2. Delivery requirements and capacity tariffs
In a solar project contract, upper and lower limits on the amount of electricity delivered and output power (capacity) can be specified for a specific period. These requirements may further change seasonally. If the energy company fails to meet the above requirements, the buyer can reduce the payment or claim other financial compensation. Therefore, the ability of the project to effectively meet such requirements must be assessed in the solar resource and project performance assessment.
While most current solar projects only receive a fee for outputting electricity, future projects may also be outfitted with large amounts of electricity storage materials. At that time, in the power supply contract with the public grid system, in addition to specifying the amount of power supply, it is also necessary to specify the storage capacity.
The capacity of a utility grid system refers to the amount of power the system can provide during peak electricity consumption. There is an inevitable connection between solar energy resources and peak electricity consumption in most regions. Considering that the peak electricity consumption period often extends into the evening, it is difficult to guarantee the power generation capacity of solar energy projects during this period. However, when equipped with sufficient power storage equipment, solar energy projects can also be regarded as a capacity resource, thereby overcoming the reliability problem of power supply.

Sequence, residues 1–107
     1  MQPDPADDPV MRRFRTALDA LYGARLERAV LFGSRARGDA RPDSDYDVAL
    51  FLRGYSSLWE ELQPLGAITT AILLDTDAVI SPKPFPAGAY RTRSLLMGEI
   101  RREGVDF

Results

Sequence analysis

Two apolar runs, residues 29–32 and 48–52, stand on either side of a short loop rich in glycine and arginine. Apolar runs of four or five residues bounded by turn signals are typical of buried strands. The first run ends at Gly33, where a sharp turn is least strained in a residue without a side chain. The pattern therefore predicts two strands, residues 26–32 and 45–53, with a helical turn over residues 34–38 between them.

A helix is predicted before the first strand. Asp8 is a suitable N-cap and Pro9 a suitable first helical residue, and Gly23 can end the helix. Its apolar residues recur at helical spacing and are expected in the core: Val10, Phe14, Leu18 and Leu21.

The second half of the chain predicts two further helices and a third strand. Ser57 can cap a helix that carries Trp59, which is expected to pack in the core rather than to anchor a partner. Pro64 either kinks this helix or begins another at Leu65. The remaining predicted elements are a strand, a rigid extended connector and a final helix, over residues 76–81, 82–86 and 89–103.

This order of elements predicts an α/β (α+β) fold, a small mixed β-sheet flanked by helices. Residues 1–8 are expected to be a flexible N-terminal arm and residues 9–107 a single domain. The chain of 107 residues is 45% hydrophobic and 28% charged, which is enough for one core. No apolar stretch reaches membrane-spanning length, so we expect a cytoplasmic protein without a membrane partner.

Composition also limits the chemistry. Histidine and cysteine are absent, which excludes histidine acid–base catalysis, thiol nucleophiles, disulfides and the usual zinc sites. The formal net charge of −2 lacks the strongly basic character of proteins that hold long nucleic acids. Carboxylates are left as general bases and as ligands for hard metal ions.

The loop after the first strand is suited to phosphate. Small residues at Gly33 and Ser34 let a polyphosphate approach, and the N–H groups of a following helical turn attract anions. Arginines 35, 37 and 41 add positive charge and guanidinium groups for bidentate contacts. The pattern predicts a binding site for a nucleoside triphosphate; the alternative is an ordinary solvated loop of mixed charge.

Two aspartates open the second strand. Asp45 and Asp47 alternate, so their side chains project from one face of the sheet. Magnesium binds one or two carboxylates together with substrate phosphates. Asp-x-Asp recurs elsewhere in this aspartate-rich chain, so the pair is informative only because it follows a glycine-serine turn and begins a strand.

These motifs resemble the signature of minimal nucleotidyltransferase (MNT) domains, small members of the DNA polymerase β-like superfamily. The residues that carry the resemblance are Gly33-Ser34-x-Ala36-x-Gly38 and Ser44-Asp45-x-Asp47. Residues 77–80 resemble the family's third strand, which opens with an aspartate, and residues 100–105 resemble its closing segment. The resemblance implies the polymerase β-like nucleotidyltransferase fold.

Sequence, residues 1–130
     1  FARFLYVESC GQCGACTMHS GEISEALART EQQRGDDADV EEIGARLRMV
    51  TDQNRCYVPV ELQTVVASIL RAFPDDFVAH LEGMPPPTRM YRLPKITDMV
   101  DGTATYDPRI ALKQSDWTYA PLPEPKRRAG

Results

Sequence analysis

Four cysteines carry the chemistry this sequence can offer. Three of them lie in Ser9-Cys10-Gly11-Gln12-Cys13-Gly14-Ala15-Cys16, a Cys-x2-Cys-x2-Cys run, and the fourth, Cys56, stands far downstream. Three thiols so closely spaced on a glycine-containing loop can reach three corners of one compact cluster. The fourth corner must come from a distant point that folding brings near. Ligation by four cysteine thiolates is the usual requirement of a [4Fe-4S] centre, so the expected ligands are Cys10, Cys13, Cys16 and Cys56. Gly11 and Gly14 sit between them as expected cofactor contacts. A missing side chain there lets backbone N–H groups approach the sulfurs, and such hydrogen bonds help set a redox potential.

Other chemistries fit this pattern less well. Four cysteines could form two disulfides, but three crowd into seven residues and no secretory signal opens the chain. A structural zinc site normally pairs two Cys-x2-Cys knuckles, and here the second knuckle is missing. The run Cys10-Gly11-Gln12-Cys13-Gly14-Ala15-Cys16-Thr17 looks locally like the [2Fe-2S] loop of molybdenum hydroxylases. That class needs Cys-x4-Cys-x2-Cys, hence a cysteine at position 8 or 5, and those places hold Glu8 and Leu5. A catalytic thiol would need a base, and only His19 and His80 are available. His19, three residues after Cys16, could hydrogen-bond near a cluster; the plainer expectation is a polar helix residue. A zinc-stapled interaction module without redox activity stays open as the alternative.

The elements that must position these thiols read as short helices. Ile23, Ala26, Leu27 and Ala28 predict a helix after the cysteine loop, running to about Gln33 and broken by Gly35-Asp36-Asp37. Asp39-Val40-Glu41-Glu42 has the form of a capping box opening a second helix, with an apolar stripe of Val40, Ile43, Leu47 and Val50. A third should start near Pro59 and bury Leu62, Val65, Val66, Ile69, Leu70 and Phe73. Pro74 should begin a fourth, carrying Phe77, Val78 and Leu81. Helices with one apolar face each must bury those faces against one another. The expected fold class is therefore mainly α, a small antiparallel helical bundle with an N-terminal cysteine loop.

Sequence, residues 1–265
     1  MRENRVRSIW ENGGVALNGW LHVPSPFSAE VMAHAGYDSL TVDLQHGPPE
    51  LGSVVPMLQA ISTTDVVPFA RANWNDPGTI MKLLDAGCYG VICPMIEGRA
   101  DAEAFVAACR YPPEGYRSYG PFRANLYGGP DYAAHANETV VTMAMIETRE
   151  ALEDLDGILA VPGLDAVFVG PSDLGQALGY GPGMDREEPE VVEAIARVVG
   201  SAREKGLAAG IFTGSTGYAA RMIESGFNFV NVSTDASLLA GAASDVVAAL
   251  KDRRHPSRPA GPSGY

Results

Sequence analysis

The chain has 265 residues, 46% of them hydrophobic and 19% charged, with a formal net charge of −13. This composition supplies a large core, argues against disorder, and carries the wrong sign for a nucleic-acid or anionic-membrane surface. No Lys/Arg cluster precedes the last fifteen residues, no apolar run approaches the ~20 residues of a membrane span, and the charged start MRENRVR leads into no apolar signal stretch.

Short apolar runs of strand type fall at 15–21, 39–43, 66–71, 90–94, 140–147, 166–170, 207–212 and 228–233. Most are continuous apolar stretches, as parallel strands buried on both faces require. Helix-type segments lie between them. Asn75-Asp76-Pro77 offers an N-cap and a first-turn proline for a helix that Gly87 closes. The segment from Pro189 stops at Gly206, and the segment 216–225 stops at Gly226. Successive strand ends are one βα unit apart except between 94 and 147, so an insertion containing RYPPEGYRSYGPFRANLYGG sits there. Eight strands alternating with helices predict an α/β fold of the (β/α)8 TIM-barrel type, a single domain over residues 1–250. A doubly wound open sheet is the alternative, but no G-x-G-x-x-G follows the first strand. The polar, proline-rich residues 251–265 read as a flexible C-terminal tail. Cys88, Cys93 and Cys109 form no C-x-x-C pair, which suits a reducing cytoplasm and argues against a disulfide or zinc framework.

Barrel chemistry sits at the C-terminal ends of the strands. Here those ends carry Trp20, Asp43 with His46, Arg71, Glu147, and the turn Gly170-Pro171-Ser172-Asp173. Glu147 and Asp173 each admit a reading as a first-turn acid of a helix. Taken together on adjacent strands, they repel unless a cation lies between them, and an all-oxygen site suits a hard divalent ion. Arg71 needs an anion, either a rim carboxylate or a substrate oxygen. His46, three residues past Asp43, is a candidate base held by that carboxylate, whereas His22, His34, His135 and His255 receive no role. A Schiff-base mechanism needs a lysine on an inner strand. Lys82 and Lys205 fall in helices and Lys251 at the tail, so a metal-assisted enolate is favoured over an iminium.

When evaluating a solar project with a large number of storage devices, the variability of the solar resource needs to be assessed in terms of both revenue assumptions and whether the project can meet the contracted capacity requirements.
3. Forecast Requirements
Some PPAs may require the project to forecast the amount of electricity delivered on different time scales (eg, daily, weekly, monthly, quarterly). Different protocols may have significant differences in prediction accuracy and penalties for prediction errors (if any). To understand the risks a project faces, the above requirements of the protocol must be understood in the context of solar resource data and its variability.
For example, a project requires quarterly output forecasts one quarter in advance, so quarterly historical variability must be assessed in the solar resource analysis and compared with the contractual allowable limits to understand the probability of penalties. Such requirements could make some lenders more cautious. They generally don’t want a project’s debt repayment ability to be affected by weather risks.
In addition to assessing historical variability, forecasting techniques can be used to increase the confidence of forecasts. However, lenders often don’t provide funding quickly until the technology, including predictions, is proven and applied in the market. Therefore, until the forecasting technology becomes more mature and commercial performance is achieved, investors may be conservative in the assessment of forecast risk, which will be detrimental to the financing terms.